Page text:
Starring Amy Adams, Jeremy Renner and Forest Whitaker
Written by: Eric Heisserer; based on the short story ‘Story Of Your Life’ by Ted Chiang
Directed by: Denis ‘How You Feel About Blade Runner 2 Now?!?’ Villeneuve
Rated PG-13 for some language, alien language, thematic elements
Runtime 116 minutes
Communication is the basis of civilization, a character in Denis Villeneuve’s Arrival states. Communication. Not arms or culture or skin color. Communication, language, speech, the written word. Our ways to express thoughts and feelings are the most basic building blocks of our ways of life. It allows us to understand and to create. In myth, we built a tower to the heavens, one language, one goal. For our hubris, we were struck down and scattered, a thousand tongues across the earth; and one thousand walls were suddenly built around us.
Now, though, it is the gods who facilitate the construction of a new Babel. Instead of stratifying us further, Arrival attempts to rebuild that famed tower by bringing us together once more. Across the globe, twelve ovoid vessels have appeared in the sky and the world is thrown into panic. Who are they? What do they want? Are they here to hurt us? It is hard enough to talk amongst ourselves – every country is mobilizing itself in different ways to confront these ships – so imagine what it must be like to speak to a creature beyond the history of human language.
Enter Dr. Louise Banks (Amy Adams) a linguistics professor who is tapped by Colonel Weber (Forest Whitaker) to lead the translation team at the American site. She is a shattered woman, having lost a daughter (that we see in flashbacks throughout the film), who now lives alone, dedicated to her work. It would be almost a cliche if Adams did not completely inhabit the role. She is neither hysterical, flashy, overbearing or dickish. She is just very, very good at her job. And while women can’t apparently do literally everything it seems, Adams can and brilliantly weaves between the technical, sci-fi and emotional aspects of this movie with effortlessness and grace.
Joining her is a phenomenal supporting cast of men. Whitaker turns in one of his best, most understated performances in years; even if he can’t always pin down…whatever accent he’s going for. Boston? Maybe. Jeremy Renner sheds his bow and quiver for a pair of glasses and an impressive understanding of physics. He’s been so typecast into the action role that it is a relief to see him breathe a little, to go against type and spout off some nerdy jargon. His precision – he’s a theoretical physicist – is a nice, logical counterbalance to Louise’s empathetic views. Language and math; literally art and literally science. They keep each other in check, and lift each other when they fall.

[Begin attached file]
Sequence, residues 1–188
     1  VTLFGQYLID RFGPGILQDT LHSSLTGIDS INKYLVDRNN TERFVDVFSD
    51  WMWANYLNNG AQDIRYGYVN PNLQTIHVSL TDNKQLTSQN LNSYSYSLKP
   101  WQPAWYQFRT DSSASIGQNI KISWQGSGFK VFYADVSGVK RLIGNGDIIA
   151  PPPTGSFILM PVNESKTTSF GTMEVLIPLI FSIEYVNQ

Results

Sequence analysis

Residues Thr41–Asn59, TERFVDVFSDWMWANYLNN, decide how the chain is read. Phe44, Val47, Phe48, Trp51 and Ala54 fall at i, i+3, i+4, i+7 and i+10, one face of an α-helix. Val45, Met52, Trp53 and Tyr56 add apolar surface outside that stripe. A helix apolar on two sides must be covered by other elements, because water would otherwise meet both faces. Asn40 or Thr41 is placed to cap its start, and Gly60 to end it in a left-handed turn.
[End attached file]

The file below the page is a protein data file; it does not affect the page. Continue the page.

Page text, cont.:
The world is horribly divided. We no longer talk to one another. Hundreds of think pieces have been written about half this country’s lack of understanding of the other half – and that’s just been in the last week or so! Arrival ‘arrived’ at precisely the right moment in history, like an alien ship descending from the heavens to force us to work together.
Those expecting a shoot-em up invasion film will be severely let down by the film’s slow and meticulous world-building and its emphasis on linguistics. It’s the first major sci-fi film in a long while whose core principle is built on precisely that: construction, not destruction. The latter is easy, but to build something, to forge new connections, to listen and through that, see the world in a vastly different way, now that is something remarkable. And Arrival is wonderful and should top a number of best of lists when 2016 finally closes down.
With Arrival, Denis Villeneuve (Sicario) vaults himself into the upper tier of working directors. The film unfolds like a Romantic poem, filled not with sound and fury of your typical sci-fi flock, but with grace and beauty and a sense of longing. Shots linger on faces and he cares more for emotions than plot. Just when our main story about decoding the alien language begins to grow a little long, Arrival skips ahead, language translated and switches focus onto how this new way of thinking affects humanity. Yet through all the apocalyptic chaos that is set to explode, Villeneuve never loses sight of Louise’s growth as a character. All the endless possibilities of the universe, and somehow the most beautiful thing is watching this woman slowly realize her true (and bittersweet) power.
In the end, Arrival is uninterested in the very masculine battle of wills a typical alien ‘invasion’ movie would focus on. There’s a reason Louise is surrounded by military men, after all. The lessons learned in the movie are more than just learning a new and completely alien language; it is about opening new lines of communication. It is about knowing the destination of a thing and however bad the outcome, still enjoying the journey. Much like the film itself – though, it may be one of the best and most emotionally powerful endings of a film this year. Listen, and you can learn wonders.